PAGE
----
Qualcomm, Inc. v. Certain Underwriters at Lloyd’s, London

Issue Discussed: Exhaustion of Underlying Policy Limits

Submitted by Cecilia Froelich Moss, Karen C. Baswell

Date Promulgated: June 11, 2008


Qualcomm, Inc. v. Certain Underwriters at Lloyd’s, London, 161 Cal. App. 4th 184 (Cal. Ct. App. 2008)

Court:  California Court of Appeal, Fourth District

Issues Decided: Whether an insured’s below-limit settlement with its primary carrier is sufficient to exhaust the underlying policy and trigger coverage under an excess layer policy when the insured “filled the gap” between the settlement and the primary policy limits?


The insured, Qualcomm, sought coverage from its primary and excess D&O insurance carriers for defense and indemnity arising from several litigations filed by its former employees.  Qualcomm eventually settled with its primary carrier for an amount below the full limits of the primary policy.  Qualcomm then filed suit against its excess layer carrier, Certain Underwriters at Lloyd’s, London (“Underwriters”) when it refused to provide coverage.  Underwriters moved to dismiss, arguing that the excess policy had not been triggered, because Qualcomm had failed to meet two conditions precedent to coverage: (1) Qualcomm had failed to maintain the underlying policy and “compromised” that policy by settling for an amount below policy limits; and (2) the underlying policy had not been “exhausted” as required to trigger coverage.  The trial court granted the motion to dismiss, and Qualcomm appealed.

Key Holdings

The appellate court rejected Qualcomm’s argument that the policy language regarding exhaustion was ambiguous.  The excess policy provided:

Underwriters shall be liable only after the insurers under each of the Underlying policies have paid or have been held liable to pay the full amount of the Underlying Limit of Liability.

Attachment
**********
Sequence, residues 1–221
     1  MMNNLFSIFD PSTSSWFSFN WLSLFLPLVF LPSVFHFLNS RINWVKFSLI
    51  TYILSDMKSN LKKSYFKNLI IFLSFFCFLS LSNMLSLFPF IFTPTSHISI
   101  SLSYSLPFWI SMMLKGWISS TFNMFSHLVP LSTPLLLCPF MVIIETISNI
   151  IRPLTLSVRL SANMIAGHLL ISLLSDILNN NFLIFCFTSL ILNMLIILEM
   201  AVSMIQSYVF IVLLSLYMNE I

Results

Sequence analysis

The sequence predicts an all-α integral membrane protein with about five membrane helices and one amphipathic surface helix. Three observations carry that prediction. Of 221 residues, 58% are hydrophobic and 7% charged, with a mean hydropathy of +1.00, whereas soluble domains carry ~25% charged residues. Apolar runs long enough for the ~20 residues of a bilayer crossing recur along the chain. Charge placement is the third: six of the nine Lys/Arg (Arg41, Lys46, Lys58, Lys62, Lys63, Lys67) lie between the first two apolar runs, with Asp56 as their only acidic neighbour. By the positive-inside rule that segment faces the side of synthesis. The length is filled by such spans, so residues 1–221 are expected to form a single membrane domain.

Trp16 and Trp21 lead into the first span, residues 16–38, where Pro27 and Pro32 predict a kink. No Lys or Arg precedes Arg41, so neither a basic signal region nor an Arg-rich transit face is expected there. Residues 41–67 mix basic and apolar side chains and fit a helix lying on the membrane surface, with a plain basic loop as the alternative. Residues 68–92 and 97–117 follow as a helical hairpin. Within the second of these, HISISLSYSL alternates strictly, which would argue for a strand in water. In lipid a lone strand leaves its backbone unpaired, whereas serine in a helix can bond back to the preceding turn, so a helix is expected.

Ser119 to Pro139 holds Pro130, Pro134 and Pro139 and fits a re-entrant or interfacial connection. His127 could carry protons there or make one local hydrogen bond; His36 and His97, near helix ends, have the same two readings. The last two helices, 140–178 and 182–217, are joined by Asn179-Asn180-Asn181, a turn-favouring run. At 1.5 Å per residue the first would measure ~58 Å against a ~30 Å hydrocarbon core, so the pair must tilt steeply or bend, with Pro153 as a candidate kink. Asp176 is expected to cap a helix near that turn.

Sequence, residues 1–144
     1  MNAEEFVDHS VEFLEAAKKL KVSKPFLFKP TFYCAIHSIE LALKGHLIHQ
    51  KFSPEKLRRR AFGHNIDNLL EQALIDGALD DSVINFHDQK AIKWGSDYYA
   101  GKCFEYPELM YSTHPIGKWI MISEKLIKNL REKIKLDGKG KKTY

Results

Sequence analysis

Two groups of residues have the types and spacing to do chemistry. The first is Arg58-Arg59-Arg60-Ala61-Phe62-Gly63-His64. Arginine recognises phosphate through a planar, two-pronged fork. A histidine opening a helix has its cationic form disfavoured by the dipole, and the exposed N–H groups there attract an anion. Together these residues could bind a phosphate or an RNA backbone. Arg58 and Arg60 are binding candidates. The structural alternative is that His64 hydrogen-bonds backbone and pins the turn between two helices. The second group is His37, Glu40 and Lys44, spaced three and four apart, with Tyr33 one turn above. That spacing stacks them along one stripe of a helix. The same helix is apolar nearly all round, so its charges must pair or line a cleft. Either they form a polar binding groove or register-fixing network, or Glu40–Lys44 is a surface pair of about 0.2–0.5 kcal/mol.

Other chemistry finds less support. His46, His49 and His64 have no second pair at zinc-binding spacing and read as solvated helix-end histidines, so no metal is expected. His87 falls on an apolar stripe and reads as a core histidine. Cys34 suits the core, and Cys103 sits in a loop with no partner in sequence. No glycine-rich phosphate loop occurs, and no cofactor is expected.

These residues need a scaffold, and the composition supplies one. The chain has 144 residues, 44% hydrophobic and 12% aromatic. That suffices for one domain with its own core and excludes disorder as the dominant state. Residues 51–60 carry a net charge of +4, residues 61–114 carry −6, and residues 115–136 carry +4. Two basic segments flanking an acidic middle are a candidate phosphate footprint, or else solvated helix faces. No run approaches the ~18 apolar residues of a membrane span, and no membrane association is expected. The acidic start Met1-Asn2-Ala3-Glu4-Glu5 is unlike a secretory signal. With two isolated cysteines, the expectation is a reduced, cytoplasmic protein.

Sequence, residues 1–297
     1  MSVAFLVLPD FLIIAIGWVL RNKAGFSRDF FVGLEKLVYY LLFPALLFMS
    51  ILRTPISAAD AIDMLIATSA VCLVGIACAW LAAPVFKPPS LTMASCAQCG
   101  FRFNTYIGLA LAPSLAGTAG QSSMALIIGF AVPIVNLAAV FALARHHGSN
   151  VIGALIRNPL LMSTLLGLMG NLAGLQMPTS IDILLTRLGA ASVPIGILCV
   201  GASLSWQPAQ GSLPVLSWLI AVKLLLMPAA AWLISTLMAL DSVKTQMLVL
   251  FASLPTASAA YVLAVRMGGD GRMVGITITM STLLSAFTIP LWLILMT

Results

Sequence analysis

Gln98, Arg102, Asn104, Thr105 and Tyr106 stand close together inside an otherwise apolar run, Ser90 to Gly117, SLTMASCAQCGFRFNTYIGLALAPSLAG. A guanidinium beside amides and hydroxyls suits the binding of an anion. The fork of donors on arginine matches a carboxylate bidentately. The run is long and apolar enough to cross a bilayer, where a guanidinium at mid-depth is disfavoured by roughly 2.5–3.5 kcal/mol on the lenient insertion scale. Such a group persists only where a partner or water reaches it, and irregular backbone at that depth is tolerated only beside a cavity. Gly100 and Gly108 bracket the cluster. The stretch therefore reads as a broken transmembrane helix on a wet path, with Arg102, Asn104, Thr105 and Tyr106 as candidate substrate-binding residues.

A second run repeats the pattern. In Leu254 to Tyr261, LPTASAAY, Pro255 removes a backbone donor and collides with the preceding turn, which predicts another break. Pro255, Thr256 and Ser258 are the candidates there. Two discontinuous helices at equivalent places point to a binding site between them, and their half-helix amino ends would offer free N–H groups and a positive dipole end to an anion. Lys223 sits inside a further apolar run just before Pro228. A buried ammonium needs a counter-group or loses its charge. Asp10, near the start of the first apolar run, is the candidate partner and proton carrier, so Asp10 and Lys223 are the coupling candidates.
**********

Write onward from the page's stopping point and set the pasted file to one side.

The appellate court held that the only reasonable reading of this language was that actual payment of the full underlying policy limit was required before the excess policy could be triggered.  161 Cal. App. 4th 184, 195-96.

In its analysis, the California appellate court rejected the public policy arguments of Zeig v. Massachusetts Bonding & Ins. Co., 23 F.2d 665 (2d Cir. 1928), which held that “[t]o require an absolute collection of the primary insurance to its full limit would in many, if not most, cases involve delay, promote litigation, and prevent an adjustment of disputes which is both convenient and commendable.”  Zeig, 23 F.2d at 666.  The California appellate court noted that the Zeig court acknowledged that parties could include policy language requiring actual payment as a condition precedent to coverage under an excess policy, and held that the parties had done so in this instance.  Qualcomm, 161 Cal. App. 4th at 198.

Key Takeaways

  • The specific language of the excess policy at issue will determine whether an underlying policy can be “exhausted” by a below-limits settlement with the insured “filling the gap.” When the language of the excess policy requires actual payment of the full underlying policy limit, a below-limits settlement is insufficient to trigger coverage under the excess policy.
  • Public policy arguments do not outweigh the plain, unambiguous language of an insurance policy. Cf Stonewall Ins. Co. v. Superior Court, 2010 WL 4277559 (Cal. Ct. App. Nov. 1, 2010) (declining to follow Qualcomm).


* Cecilia Froelich Moss is a founding partner of Chaffetz Lindsey LLP, where her practice focuses on representing major insurance companies in reinsurance disputes and in coverage litigation.  Ms. Moss also handles large scale commercial disputes in court and in international arbitration.

* Karen C. Baswell is an associate of Chaffetz Lindsey LLP, focusing on insurance and reinsurance dispute resolution.